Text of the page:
Ikea is joining this trend too, with a store on Calle Serrano; as is Leroy Merlin, which is planning to open a shop on Calle Fontanella, next to Plaza de Catalunya in Barcelona

Interest in Spain

“Physical stores are still the favourite channel for consumers, but it is harder to get people out of the house. To attract them, retailers are opening large flagship stores focused on the shopping experience and expanding the range of services, supported by new technologies that allow marketing strategies to be customised”, explains Gonzalo Senra, National Director of Retail at CBRE España (…).

Given the interest from large brands in Spain and encouraged by the upwards cycle of the economy and the improvement in consumption, many overseas institutional investors have decided to back the Spanish market. For example, the US investor Hines has purchased four important prime premises in Madrid and Barcelona in the last year.

These types of investors are the main buyers of flagship stores in well-located premises, involving investment volumes of more than €20 million. Moreover, sources at the consultancy firm have noted a change in the trend in this market with the entry of several insurance companies bidding for large prime assets.

By contrast, the market for smaller acquisitions is dominated by Spanish private investors and family offices – they tend to be particularly interested in assets worth less than €10 million.

Overall, investment in high street premises amounted to €800 million in 2016. The rate of investment continued during the first half of this year, with an investment volume of €515 million, according to data from the consultancy firm (…).

The high level of demand has accentuated the typical shortage of well-positioned products and resulted in a reduction in returns. According to the report, the downward trend in yields continued in 2017 to reach 3.25% in some cases for the most prime products in Madrid and Barcelona (…).

Original story: Expansión (by Rebeca Arroyo)

Translation: Carmel Drake

GreenOak Recruits Zarrabeitia From CBRE

16 July 2015 – Expansión

International funds still regard Spain as one of their favourite destinations for investment. As such, one of the most active firms, the US fund GreenOak, has just strengthened its team in Spain to boost its commitment to the market.

The fund, which specialises in the real estate sector, has recruited Javier Zarrabeitia, former director of CBRE España. Zarrabeitia, the son of the CEO of Testa Inmuebles, is a specialist in capital markets. Before joining CBRE, he advised large real estate transactions, such as the sale of BBVA’s building on Castellana, 77 to GMP for €90 million. In fact, GreenOak was one of the finalists in that auction.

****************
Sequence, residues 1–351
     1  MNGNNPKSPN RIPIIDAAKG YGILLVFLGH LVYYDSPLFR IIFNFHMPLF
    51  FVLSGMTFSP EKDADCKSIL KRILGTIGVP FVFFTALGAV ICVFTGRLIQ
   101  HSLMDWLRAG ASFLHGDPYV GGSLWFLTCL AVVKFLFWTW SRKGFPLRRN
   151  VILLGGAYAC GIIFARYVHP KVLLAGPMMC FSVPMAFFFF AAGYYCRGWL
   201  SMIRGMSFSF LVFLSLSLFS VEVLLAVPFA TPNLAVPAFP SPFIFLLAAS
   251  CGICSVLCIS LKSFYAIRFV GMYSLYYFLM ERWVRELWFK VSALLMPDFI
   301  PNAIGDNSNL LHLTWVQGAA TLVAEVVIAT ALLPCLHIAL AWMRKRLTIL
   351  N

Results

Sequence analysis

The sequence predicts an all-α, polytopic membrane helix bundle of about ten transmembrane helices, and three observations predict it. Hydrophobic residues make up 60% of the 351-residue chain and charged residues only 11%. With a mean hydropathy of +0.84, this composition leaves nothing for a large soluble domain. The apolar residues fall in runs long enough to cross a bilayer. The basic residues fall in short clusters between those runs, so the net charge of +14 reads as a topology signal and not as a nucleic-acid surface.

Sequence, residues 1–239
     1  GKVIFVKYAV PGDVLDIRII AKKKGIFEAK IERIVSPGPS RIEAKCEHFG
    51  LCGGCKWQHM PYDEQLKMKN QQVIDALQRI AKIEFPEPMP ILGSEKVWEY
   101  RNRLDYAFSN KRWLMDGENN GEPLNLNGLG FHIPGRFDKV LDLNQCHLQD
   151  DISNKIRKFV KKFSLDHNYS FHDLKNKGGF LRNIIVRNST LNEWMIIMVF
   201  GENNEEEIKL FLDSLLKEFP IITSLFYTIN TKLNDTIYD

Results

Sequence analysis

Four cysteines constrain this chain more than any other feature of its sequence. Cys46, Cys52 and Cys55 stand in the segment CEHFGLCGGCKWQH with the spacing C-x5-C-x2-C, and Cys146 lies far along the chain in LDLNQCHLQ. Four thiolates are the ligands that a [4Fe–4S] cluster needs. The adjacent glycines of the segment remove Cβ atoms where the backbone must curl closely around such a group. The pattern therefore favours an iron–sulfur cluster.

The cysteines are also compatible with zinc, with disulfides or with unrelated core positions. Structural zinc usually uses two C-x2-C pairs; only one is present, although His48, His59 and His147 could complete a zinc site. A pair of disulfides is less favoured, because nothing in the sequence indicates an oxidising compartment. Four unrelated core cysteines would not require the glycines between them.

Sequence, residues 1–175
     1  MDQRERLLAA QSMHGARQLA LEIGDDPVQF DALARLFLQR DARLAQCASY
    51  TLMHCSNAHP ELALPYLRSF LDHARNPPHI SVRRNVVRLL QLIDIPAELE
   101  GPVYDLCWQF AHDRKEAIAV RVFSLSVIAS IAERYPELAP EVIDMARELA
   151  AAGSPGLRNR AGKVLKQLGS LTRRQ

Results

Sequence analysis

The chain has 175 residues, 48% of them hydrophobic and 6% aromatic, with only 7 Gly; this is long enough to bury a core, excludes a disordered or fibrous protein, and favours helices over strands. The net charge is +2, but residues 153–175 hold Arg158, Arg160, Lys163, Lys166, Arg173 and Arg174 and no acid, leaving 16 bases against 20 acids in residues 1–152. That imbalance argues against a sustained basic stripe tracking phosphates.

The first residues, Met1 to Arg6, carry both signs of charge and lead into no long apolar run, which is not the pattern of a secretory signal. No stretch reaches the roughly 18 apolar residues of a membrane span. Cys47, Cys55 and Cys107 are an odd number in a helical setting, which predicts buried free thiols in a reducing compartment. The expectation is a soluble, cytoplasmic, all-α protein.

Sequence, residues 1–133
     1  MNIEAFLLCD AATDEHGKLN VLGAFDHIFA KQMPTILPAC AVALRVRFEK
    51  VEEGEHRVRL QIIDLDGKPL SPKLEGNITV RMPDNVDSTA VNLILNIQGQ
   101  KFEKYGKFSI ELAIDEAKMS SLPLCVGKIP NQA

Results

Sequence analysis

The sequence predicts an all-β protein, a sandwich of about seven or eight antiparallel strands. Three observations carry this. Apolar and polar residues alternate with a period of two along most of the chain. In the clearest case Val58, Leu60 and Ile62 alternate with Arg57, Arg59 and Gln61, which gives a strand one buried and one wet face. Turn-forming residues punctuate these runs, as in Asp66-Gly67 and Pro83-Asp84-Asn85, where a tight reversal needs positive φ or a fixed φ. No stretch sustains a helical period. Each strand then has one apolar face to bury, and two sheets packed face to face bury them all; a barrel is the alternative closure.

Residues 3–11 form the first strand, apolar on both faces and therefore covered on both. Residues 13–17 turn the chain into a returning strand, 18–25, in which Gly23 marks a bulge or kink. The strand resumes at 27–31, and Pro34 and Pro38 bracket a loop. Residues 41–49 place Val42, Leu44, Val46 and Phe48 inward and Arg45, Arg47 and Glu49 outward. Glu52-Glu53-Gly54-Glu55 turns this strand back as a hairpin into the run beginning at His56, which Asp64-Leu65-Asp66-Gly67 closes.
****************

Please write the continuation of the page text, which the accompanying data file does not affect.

In addition to Zarrabeitia, GreenOak is planning to hire three or four other people over the coming months at its offices in Madrid. The firm currently has a team of ten professionals dedicated to the Spanish market, although most of them are based in London.

Francesco Ostuni leads the Spanish team – he is the European Director of Acquisitions at GreenOak, and was formerly a director at Morgan Stanley and before that at the Qatar sovereign fund. In turn, Ostuni reports into the founding director of the fund, John Carrafiell, who led Morgan Stanley’s real estate strategy for several years, and closed operations such as the purchase of Canary Wharf. (…)

GreenOak, which has assets under management amounting to $5,000 million (€4,533 million) around the world, has already made several real estate investments in Spain during the last year.

Background

The US fund took its first big step in Spain last year, when it purchased seven shopping centres from the Dutch group Vastned Retail for €160 million. Subsequently, it tried to enter the office market – it participated in the process to purchase not only Castellana 77, but also Castellana, 89 – Ahorro Corporación’s headquarters – which was ultimately purchased by Corporación Financiera Alba, owned by the March family.

In recent months, GreenOak has been adding to its portfolio of Spanish investments, with the purchase of five logistics assets in the Community of Madrid, encompassing 200,000 m2. The US fund paid between €60 million and €75 million to close that acquisition.

The firm plans to close new operations in the short term, mainly in the logistics segment – where it has agreed to buy three more assets – , as well as the market for shopping centres and offices, after its two previous failed attempts.

Original story: Expansión (by J. Zuloaga)

Translation: Carmel Drake